Approximately 5% of people with MS experience onset of the disease under the age of 16. The diagnostic criteria for adult and pediatric onset MS is identical but the differential diagnosis differs; specifically, children more commonly experience acute disseminated encephalomyelitis (ADEM), a mono phasic form (this means it happens once unlike MS) of inflammatory demyelination most commonly associated with recent viral infections or immunizations. The international pediatric MS consortium has established diagnostic criteria for MS and ADEM to ensure that children with ADEM do not prematurely receive a diagnosis of MS. ADEM can look very similar to MS at first but the children rapidly become quite ill and encephalopathic (meaning confused and lethargic often with behavior changes and sometimes progressing to coma), which is very rare in MS, and the MRI appearance is typically quite different. Unfortunately, 10-20% of children do not recover well from ADEM and some will even go on to develop MS. Other conditions considered quite rare in adults must also be considered in a child presenting with an MS-like disorder, but these conditions are usually easy to exclude by an experienced neurologist with appropriate diagnostic evaluations.
There are key features of Pediatric MS that dictate a slightly different therapeutic approach compared to adult onset MS:
1. Kids with MS tend to experience far more inflammatory activity than adults; This means more relapses and more new lesions developing on repeat MRI scans. This also makes it far easier to use relapses and MRI activity to guide therapeutic decisions. In my experience it is important to initiate therapy early in these children, monitor their response closely and alter therapy if they are not responding either by clinical or radiological criteria.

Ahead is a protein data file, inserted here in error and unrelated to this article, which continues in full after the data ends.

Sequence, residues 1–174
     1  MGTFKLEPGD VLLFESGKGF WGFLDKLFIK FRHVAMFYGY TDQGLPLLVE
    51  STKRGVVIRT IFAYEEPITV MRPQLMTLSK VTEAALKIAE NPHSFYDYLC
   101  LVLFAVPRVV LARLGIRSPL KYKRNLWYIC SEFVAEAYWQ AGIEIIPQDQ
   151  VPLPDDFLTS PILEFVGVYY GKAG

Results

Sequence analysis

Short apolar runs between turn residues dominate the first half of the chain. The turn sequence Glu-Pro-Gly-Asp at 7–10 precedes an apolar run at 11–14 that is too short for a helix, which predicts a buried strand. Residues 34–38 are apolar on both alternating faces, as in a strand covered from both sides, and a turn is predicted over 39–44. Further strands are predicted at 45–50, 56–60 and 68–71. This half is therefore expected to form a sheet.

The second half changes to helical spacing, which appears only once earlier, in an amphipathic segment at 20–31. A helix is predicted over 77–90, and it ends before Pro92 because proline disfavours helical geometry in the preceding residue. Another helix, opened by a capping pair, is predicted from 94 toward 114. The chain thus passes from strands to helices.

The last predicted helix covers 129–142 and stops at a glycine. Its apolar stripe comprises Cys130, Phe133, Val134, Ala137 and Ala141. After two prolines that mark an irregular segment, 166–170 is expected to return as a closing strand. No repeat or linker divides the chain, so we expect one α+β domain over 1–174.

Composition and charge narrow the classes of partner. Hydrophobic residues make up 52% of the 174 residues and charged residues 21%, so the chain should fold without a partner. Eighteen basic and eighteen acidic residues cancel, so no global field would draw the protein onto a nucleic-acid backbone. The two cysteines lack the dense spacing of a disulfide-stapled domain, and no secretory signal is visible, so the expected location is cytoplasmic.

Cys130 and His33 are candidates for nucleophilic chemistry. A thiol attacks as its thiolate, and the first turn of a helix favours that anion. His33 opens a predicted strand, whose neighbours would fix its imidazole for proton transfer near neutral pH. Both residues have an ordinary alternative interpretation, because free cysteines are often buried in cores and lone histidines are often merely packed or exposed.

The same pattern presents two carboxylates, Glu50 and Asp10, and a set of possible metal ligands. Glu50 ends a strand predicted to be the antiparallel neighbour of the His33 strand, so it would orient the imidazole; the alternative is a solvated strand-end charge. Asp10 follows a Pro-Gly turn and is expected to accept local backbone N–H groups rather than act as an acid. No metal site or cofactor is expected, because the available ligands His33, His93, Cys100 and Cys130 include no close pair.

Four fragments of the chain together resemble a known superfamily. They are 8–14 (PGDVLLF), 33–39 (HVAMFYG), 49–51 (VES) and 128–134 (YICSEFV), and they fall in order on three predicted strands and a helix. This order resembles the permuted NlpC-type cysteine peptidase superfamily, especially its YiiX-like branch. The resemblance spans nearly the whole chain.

2. While there is no evidence that kids respond differently to disease modifying therapy, they certainly hate injections as much as adults and in my experience require a lot of guidance and supervision to make sure they keep to their treatment schedule. This is particularly true of kids with MS once they leave home to go to college. Newer oral and infused therapies may improve adherence to treatment regimens
3. Kids with MS are often treated with IV immunoglobulin (Ig) for relapses, a practice now rare in adults. I rarely find that IV Ig therapy is as useful as treatment with steroids in kids or adults. If a kid does not respond to high dose steroids for a relapse, I prefer to treat them with plasma exchange
4. Kids with MS often look quite good to the casual observer but cognitive problems occur early and can interfere with learning and school; if unrecognized these cognitive problems may manifest as a behavioral disturbance. Kids with MS do best with learning center evaluations and adaptions that allow them to thrive better in school. This is particularly true when frequent relapses interfere with large chunks of the school year.
5. Kids with MS tend to develop disabilities at a younger age, but it is hoped that early aggressive treatment will change this outcome.
6. Kids with MS do best with support and interaction with other kids with MS; remember they are really a minority and most programs are geared for adults.
7. Lastly, it is important to look after the parents of kids with MS. They are the best resource available to the child but the disease can cause a lot of stress and family disruptions. Supportive group activities for parents, especially those with disabled children, and the ability to get away even for a few hours are highly constructive. It is also best for parents to have direct assess to their doctor for emergencies or concerns. The Pediatric Multiple Sclerosis Alliance is just organizing and would be a great place to start for support. You can click on this link for pediatric MS groups and resources:
-Rip Kinkel, MD
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